One of Google’s main selling point for Android Q is a new way of keeping your personal information private. Google wants you to have control over which applications can access your private data, which could be your calendar or location. In this article, we explore salient facts about Android Q’s Privacy settings.
The fresh Android Q privacy features can be explored in the form of additional granular location controls and a dedicated privacy section in Settings.
Before getting into it, pls know that Android Q is presently in beta, with an official release expected later in the year. So like always, features do change before release. If that takes place, then you must expect changes and be ready to equip yourself with how to adjust. To aid Google to test it, you can register for the Android Q beta and drop feedback.
Let get right into it by checking out 5 Things You Should Know About Android Q’s Privacy Settings:
1. First things first, the main feature of the new Privacy section can be seen under “Permission manager.” Right there, a list of all various permission categories will be visible, plus a list of the apps that presently have the permissions. For instance, there is a section for applications that need access to your calendar. Click “Calendar” to see the applications that presently have that access and the ones that do not. You are allowed to enable and disable via the toggle. It is an eye-opener when you are shown the list of permissions and allowed to view which applications have access to things such as microphone or contacts. The great thing here is it will only take a few minutes of your time.
2. Also, within “Advanced,” you will locate controls for stuff like which information is visible on your lock screen, Google’s Autofill service, Activity information and how you want your phone to take care of advertising requests.
3. 3rdly, one alteration you will see immediately after installation of Android Q is a fresh prompt anytime you launch an application that makes use of your location information.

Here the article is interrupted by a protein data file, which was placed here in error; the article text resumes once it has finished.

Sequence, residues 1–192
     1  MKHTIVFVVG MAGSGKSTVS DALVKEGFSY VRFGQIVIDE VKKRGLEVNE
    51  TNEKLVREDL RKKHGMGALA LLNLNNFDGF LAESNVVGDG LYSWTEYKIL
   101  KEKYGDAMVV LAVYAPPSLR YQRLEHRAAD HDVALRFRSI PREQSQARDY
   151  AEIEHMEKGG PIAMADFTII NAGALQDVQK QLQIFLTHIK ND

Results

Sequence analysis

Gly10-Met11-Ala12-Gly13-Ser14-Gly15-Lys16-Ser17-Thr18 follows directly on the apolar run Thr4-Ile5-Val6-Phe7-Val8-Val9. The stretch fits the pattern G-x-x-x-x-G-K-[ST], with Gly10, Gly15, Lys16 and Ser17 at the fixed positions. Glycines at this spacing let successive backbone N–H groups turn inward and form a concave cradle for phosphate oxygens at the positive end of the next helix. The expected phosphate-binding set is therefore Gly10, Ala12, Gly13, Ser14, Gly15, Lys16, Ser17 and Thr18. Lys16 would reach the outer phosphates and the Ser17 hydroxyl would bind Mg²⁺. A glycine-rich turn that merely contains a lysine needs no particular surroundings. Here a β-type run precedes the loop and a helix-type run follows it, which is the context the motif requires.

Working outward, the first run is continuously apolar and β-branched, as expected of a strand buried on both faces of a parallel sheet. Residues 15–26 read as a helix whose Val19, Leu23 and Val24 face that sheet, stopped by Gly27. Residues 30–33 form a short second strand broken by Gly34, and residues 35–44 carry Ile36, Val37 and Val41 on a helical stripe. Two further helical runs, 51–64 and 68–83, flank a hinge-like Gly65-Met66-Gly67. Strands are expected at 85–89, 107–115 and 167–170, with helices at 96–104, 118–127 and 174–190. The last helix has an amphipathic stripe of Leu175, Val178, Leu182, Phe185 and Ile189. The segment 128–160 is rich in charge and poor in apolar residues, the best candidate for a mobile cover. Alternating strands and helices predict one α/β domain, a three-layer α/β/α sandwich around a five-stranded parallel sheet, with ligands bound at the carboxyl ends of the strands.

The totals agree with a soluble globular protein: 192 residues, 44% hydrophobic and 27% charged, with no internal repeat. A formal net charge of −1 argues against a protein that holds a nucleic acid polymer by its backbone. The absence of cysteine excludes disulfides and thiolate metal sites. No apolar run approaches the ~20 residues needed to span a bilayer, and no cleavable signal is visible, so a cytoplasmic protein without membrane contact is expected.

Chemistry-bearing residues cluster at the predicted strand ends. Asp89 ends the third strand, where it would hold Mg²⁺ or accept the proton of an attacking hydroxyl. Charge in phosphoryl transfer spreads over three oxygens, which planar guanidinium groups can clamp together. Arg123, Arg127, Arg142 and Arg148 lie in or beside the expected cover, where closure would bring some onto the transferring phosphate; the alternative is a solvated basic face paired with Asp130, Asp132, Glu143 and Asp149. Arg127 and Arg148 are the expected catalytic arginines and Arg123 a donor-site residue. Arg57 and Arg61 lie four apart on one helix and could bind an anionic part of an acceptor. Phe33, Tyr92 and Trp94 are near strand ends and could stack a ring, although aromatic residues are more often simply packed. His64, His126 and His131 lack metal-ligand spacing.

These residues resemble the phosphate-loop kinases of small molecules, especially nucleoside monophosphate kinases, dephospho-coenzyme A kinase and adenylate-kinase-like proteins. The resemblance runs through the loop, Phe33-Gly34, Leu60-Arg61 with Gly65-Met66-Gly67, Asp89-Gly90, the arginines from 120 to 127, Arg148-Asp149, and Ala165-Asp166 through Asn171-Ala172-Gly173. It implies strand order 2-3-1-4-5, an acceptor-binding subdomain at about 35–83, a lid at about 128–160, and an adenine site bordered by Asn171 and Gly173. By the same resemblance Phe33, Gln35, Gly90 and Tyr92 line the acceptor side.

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You will be asked if you intend to grant that application access to your location always, even when the application is closed or running in the background, or just when the app is in use. “Location” is where you will be able to audit which applications have which access to your location. You will be surprised to see the number of apps that have access to your location.
4. Another thing to look out for, on your device, head to Settings > Location > App permission to see a list of all the applications installed on your device that have location permissions. Swipe down through the list to see the apps and their present permission status. The list begins with apps that presently have complete access to your location at the top, then heads down to “while in use” and then “never.”
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Choose an application to alter its location permission. There are 3 options here. You can allow it always, while you are using it or you can simply deny. It is wise to check this list from time to time to cross check your present settings.
5. Lastly, also added to the fresh Location section are controls that will restrict if or not applications can scan for closeby Wi-Fi networks or Bluetooth connections, alongside Google-specific location controls.
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Android Q possesses several other changes like a dedicated dark mode, a new bubbles notification feature and gesture-based navigation.
There you have it – a comprehensive list Things You Must Know About Android Q’s Privacy Settings. If you have personal contributions, feel free to drop them in the comment section below.